Employers in California are required under the law to pay non-exempt or hourly workers a wage or regular rate of pay. When employees work more than the standard number of hours in a workday or workweek, they must be paid overtime wages.
California also has laws requiring employers to provide meal breaks and rest breaks. When employers violate these labor laws or cut corners shortchanging workers their earned wages, employees may be able file an unpaid wages claim to recover the money they are owed.
Workers can pursue unpaid overtime settlements, unpaid wages and interest on the amount they were not paid. There are also scenarios where the law requires employers to pay additional penalties for unpaid wages.
It is unjust for employees to have to lose money they have earned. If you believe you have an unpaid wages claim, the experienced Los Angeles unpaid wage attorneys at Kingsley & Kingsley Lawyers can help you better understand your legal rights and options.
Do I Have an Unpaid Wage Claim?
The best way to determine whether or not you have an unpaid wage claim is to consult with a California wage and hour lawyer who can evaluate your situation.
You may be able to file an unpaid wage claim if your employer:
- Failed to pay you minimum wage
- Failed to pay you overtime wages
- Did not provide the legally required meal breaks and rest breaks
- Did not give you the tips and commissions you earned
- Made illegal deductions on your paycheck
These are all unlawful actions, which violate your rights as an employee in California. You have the right to bring an unpaid wages claim against your employer to receive those wages due and other compensation.
Common Types of Damages in Unpaid Wages Settlements
Damages are essentially monetary compensation paid to workers who have been wronged by their employers. The amount of money or damages you can recover in an unpaid wages settlement against your employer typically fall into the following categories:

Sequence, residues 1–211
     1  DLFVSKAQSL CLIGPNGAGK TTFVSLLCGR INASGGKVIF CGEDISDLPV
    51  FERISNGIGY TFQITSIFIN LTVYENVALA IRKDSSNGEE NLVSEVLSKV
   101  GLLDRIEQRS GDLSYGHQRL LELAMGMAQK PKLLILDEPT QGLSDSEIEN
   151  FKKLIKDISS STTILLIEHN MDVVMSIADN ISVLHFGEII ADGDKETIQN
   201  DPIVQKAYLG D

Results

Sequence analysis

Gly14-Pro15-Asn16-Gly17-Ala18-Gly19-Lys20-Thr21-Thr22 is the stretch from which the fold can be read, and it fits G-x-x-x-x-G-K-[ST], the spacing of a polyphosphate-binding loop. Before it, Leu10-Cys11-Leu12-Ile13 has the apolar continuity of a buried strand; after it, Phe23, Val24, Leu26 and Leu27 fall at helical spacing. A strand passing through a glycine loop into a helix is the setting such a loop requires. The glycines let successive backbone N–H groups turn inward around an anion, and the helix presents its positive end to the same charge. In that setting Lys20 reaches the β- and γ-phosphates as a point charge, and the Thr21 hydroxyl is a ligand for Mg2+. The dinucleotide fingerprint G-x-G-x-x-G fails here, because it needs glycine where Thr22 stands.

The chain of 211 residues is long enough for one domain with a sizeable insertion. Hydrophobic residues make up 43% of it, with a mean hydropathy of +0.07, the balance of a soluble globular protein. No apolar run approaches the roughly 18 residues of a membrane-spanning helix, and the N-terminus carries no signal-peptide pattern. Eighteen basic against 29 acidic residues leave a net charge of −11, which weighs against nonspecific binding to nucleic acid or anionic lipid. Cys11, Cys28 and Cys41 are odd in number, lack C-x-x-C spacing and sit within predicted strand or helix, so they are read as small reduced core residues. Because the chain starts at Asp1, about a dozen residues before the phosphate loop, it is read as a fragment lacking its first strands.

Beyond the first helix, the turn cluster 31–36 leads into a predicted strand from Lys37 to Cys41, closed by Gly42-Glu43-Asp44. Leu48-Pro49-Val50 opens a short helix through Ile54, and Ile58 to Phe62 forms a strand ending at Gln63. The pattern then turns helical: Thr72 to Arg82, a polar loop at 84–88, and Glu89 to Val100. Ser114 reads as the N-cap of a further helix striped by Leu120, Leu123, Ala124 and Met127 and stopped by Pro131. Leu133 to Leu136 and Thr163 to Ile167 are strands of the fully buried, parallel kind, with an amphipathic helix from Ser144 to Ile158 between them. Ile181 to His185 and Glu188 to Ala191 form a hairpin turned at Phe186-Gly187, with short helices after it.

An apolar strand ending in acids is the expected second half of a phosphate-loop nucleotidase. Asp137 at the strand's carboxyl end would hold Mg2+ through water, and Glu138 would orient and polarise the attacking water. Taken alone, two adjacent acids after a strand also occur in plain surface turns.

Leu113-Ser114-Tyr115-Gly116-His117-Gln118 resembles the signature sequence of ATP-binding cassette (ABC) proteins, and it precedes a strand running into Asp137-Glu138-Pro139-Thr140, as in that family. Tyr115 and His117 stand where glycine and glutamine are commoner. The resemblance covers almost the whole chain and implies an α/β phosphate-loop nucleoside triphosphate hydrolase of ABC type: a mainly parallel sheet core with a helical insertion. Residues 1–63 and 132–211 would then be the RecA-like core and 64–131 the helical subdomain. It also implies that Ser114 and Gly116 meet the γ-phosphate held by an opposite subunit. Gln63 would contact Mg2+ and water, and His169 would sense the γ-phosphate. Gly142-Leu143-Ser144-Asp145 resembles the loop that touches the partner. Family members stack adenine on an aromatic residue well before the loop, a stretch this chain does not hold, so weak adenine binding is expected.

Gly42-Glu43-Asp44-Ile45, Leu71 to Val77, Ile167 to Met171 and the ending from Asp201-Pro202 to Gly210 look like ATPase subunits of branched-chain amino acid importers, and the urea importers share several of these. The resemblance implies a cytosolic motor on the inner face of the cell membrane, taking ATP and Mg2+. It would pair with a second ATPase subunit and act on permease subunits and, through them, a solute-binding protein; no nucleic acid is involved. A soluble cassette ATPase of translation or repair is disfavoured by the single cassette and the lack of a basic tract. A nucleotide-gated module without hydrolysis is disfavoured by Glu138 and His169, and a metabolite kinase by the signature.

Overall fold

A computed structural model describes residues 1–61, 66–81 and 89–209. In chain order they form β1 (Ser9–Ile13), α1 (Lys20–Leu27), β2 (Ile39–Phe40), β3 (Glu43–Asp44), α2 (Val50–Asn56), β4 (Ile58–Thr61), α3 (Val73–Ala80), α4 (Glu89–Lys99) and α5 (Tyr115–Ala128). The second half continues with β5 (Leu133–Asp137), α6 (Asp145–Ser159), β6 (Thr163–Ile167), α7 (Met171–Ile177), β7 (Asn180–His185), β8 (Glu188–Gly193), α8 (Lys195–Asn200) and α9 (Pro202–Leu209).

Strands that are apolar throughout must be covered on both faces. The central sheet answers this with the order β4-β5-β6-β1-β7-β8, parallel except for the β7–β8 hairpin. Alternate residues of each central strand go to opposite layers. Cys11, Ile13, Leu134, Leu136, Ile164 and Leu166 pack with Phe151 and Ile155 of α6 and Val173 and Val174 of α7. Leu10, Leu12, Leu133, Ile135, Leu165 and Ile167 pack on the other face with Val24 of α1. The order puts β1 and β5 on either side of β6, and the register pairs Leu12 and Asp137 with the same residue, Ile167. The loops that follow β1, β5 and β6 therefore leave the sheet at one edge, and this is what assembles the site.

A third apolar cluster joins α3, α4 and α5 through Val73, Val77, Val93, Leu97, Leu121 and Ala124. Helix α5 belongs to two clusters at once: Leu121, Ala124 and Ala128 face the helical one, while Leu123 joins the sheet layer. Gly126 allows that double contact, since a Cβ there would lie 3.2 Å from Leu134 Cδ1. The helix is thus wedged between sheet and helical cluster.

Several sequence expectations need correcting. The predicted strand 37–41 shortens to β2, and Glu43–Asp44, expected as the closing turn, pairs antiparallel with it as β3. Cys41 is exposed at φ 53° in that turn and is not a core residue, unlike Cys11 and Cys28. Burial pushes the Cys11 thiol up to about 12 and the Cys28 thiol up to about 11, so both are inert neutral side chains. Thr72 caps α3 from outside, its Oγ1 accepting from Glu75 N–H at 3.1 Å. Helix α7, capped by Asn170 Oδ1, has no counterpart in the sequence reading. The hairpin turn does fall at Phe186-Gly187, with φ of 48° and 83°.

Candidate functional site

Unpaid wages: First and foremost, you will be entitled to the wages you have not been paid. If you are successful with your unpaid wages claim, you will receive the amount of unpaid wages that the employer failed to pay you. This may include any overtime premium wages that your employer did not pay you. If your employer paid you the regular rate for the hours you worked overtime instead of time and a half or double your wages, you will be awarded the difference between the regular rate and premium rate, which you should have been paid.
Interest: You will also be entitled to receive interest on the unpaid wages at a rate that is set by state law. You may be able to recover "liquidated damages," which are money amounts set in advance by law awarded to employees in lieu of interest. If your employer deliberately withheld the wages that were due to you, they may be required to pay you double the unpaid wage amount as liquidated damages under federal law.